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September 20, 2005

Real-time Learning and Artha

Some interesting thoughts during the check-in:

Kaksha quoted: They know enough those who know how to learn.

Prasad talked about three types of Mantras:

Invoke specific deities or aspects of the Absolute (Saguna Mantras)

Abstract mantras to declare the meditator�s identification with the Absolute (Nirguna Mantras)

Seed mantras, which are aspects of OM and derive directly from the fifty primeval sounds (Bija Mantras)

More on Mantra�s here:

Manju talked about her reluctance in getting rid of building material (like doors) that are actually good individually but do not fit with the remodeling that she is doing.

This indicates that there is nothing that is inherently good or bad on its own. Anything has value only in relationship to a particular person, place etc. This insight should at least make us think twice before we rush to buy something just because it is on sale :)

Deep said, in the context of spending time with his children: How to spell love? TIME.

Two themes emerged after the check-ins: Real-time Learning and The Commercial aspect of Passion.

Real-time Learning:

I said that I have been paying more attention to real-time learning.

Most of us have grown up learning what we learn by first acquiring data and information in the subject. And at the time of putting them into action, we struggle and through that struggle we learn. Seldom we are able to fully convert what we conceptually know into meaningful results (which is when we could say we have truly learnt something). On the other hand, there are things that we can do very well which we did not learn by first acquiring information. It is as if we learnt them directly without passing them through symbolic language. This is easy to understand when it comes to hard skills like riding a bike or playing a game. Most of us never read a book on swimming before learning it. But when it comes to soft skills like leadership, we run to read a dozen books. No doubt there is struggle whether we already have enough information or not. But having information beforehand seems to increase the struggle. And in my experience, getting information after learning something enhances one�s understanding and capacity.

The question is, �How do we transfer our ability to directly learn hard skills (without first acquiring information) to learn soft skills?�

Jags termed direct learning as �thoughtless learning�.

Prasad shared a story of a person who read one of Prasad�s article in which he had said that our identity could be whatever we want it to be. This person, while waiting to pick up his luggage from the carousel in the baggage claim area decided to do an experiment. He started staring at a particular suitcase and started imagining himself as the suitcase. In a few minutes, his girlfriend who was standing nearby got concerned because his body was wobbling and shaking � mimicking the motions �experienced� by the suitcase!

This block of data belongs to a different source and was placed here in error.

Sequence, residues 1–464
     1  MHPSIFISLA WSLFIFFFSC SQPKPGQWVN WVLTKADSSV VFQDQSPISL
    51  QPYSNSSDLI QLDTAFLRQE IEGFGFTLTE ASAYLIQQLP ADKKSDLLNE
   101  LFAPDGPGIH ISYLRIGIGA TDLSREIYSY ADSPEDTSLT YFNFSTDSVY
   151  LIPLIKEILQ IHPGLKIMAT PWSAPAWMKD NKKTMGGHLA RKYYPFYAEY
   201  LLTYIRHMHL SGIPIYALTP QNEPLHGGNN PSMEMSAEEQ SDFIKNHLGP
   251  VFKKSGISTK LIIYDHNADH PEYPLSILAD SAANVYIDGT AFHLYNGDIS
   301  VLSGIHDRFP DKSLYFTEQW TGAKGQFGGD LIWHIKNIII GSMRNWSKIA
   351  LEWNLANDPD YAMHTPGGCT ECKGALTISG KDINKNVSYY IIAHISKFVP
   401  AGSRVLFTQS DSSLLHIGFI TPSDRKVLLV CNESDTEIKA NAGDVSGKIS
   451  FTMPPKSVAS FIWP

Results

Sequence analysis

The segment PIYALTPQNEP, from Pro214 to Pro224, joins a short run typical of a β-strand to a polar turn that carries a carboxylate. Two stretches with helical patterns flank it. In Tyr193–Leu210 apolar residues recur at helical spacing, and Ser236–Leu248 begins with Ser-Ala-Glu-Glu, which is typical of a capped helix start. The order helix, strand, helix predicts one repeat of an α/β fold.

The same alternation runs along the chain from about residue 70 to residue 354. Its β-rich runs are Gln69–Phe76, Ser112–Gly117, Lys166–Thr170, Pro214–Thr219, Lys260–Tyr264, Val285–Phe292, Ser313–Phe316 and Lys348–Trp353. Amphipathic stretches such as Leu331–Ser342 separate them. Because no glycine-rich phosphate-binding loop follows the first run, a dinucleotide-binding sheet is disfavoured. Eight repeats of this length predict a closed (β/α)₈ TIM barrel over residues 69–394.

Prasad said that after hearing this story, he had tried staring at suitcases in the carousel many times but could not feel anything.

He said that real-time learning requires one to merge with the object of one�s attention at which point, the learner, the process and the object or subject of learning become one.

He quoted a basket ball player who said that he �becomes the ball�

The Commercial aspect of one�s Passion:

Kaksha said that she has been our of the corporate world for a while and has been trying to establish herself as a Reiki Practitioner and a Holistic Healer. The problem she said was how to decide the business model. She said that if she thinks about money all the time, she will not be able to whole-heartedly heal people wherever and whenever someone is in need (which is her passion).

Manju was of the opinion that passion is beyond transactional relationship and hence it is best to pursue it free of commerce.

Prasad said that he decides on whether to charge someone for his service only based on whether charging is helping the process of providing the service. He said he does not think much about the commercial value of an opportunity to serve before investing time into it. He gave an example - the day before the session he did a workshop at TiE for entrepreneurs. TiE is a non-profit entity and hence he did it free of cost. But he spent a whole day of his �billable time� preparing for it without thinking about the opportunity cost. On the other hand, he said that when a large company asks him to do a 2 day workshop, it is proper to charge them as that is the way they have set up themselves to receive services. In fact, he says, there are times when it becomes a hindrance to serve without charging. He said that who he is does not change whether someone pays for his service or not. �You cannot pay me to be myself�.

Prasad also indicated the importance of artha (material wealth). He said that Purusharthas (objectives of human beings) in Hinduism is of four kinds: Dharma, Artha, Kama and Moksha. After Dharma (one�s core duty which comes from one�s true self), comes Artha, which is material wealth. He said that it is not by accident it is placed in the second position after dharma. Without dharma, artha has no meaning. And without artha, dharma cannot flourish.

More on Purusharthas here: http://hinduwebsite.com/hinduism/h_aims.htm

Practices for the week:

Pick a subject that you want to learn and try to be with its purest form that you can relate to without getting more information about it.

When there is an opportunity to serve professionally or personally, try to see how the presence or absence of the commercial aspect can help you serve better.

Posted by Ragu at September 20, 2005 12:20 PM

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